A new study claims that the regular consumption of probiotics could help accelerate weight loss in women.
Published jointly out of food and yogurt giant Nestlé and Université Laval in Quebec, the research suggests that obese women who add probiotics to their diet plan -- most commonly found in yogurt -- could lose twice as much weight as those who don’t.
Based on the premise that the intestinal flora of obese people differs from thin people -- likely due to a diet high in fat and low in fibre -- scientists set out to see if the consumption of “good bacteria” could help reset the balance of gut microbiota.
To test out their theory, researchers recruited 125 overweight men and women who were put on a 12-week weight loss diet, followed by another 12-week maintenance program. During the 24-week period, half the participants were instructed to take two pills of probiotics daily, while the other half received a placebo.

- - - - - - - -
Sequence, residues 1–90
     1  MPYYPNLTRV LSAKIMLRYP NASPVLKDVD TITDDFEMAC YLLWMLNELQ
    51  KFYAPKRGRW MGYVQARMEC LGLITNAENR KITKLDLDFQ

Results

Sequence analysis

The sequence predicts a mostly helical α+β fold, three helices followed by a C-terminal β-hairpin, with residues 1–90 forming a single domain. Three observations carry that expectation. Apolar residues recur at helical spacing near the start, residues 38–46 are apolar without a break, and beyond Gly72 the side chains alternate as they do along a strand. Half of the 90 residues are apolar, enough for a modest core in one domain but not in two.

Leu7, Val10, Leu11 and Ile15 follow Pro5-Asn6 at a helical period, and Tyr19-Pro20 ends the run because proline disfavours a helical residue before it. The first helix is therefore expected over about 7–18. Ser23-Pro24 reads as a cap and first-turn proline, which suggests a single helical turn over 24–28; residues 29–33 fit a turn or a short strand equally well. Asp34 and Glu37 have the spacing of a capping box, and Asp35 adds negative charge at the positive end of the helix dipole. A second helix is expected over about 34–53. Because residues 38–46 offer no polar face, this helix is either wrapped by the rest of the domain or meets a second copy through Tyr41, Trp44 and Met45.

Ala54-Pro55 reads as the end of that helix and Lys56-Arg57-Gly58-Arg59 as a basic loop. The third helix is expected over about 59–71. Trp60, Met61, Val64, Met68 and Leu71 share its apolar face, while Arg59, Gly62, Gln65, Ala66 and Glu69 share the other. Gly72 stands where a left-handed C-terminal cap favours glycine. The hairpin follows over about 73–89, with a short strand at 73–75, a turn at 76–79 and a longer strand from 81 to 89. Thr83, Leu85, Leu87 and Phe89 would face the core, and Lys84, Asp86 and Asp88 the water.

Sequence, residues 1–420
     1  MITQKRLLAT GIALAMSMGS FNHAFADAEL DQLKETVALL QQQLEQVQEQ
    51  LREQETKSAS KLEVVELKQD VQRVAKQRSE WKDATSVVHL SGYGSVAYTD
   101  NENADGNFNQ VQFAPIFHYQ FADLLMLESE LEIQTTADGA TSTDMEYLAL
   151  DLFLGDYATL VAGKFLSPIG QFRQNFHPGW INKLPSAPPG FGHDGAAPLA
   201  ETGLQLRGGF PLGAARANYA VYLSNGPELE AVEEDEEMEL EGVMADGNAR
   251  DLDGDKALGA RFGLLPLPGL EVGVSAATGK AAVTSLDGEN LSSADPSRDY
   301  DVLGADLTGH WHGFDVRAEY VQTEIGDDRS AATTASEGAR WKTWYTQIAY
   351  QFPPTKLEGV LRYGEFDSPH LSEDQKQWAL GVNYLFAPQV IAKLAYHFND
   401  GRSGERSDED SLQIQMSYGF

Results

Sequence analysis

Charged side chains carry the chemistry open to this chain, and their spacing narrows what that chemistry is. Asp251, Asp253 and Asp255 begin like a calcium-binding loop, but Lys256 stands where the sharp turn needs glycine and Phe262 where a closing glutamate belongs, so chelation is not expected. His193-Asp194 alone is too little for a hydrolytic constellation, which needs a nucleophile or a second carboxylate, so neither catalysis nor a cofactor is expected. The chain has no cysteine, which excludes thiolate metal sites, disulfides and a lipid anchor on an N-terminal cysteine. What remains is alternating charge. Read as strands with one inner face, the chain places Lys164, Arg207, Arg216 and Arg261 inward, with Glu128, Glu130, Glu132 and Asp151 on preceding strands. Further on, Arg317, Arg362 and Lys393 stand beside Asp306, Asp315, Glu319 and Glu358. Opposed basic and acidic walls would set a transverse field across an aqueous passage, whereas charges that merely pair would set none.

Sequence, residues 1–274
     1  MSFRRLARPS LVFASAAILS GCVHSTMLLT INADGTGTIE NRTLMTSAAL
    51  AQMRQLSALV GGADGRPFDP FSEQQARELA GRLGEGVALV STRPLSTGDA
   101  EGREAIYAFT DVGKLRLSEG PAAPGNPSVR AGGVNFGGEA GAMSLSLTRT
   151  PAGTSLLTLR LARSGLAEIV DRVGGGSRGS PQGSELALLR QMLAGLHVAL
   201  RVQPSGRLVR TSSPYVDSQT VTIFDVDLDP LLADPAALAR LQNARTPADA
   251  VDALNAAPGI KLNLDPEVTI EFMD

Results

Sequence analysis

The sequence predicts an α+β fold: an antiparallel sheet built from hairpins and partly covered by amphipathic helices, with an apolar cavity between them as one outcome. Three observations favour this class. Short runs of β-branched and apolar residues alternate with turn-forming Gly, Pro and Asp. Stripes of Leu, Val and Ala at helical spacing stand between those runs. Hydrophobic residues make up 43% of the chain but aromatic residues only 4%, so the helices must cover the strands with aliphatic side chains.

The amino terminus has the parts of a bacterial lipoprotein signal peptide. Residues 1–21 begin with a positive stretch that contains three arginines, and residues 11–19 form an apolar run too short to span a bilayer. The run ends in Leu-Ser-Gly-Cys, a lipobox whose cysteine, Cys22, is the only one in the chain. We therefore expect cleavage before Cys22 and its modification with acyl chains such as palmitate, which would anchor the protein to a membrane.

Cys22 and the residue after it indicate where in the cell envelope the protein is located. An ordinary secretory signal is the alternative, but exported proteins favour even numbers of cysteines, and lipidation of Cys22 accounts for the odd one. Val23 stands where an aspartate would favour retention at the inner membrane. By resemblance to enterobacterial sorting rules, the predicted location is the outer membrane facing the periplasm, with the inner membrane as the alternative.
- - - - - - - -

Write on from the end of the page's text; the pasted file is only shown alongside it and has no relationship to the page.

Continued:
After the first period, women who took probiotics lost an average of 4.4 kg (about 10 lbs) while their placebo counterparts lost 2.6 kg (about 6 lbs).
By the end of the 24-week period, women in the probiotic group had continued to lose weight for a total of 5.2 kg per person (about 11 lbs), while the placebo group remained stable.
Overall, the results showed that women who took probiotics lost twice as much weight over the test period as those who took none. The probiotic group also experienced a drop in the appetite-regulating hormone leptin and a decline in intestinal bacteria related to obesity.
Interestingly, researchers note that the consumption of probiotics made no impact on male participants.
Probiotics are thought to work by altering the permeability of the intestinal wall and helping keep pro-inflammatory molecules from entering the bloodstream, thereby preventing the chain reaction that can lead to weight-related illnesses like glucose intolerance, type 2 diabetes and obesity.
Probiotics have also been associated with reducing stress-induced gut flare-ups in a study published in Gastroenterology, and they are also being explored as a pathway for psychological well-being.
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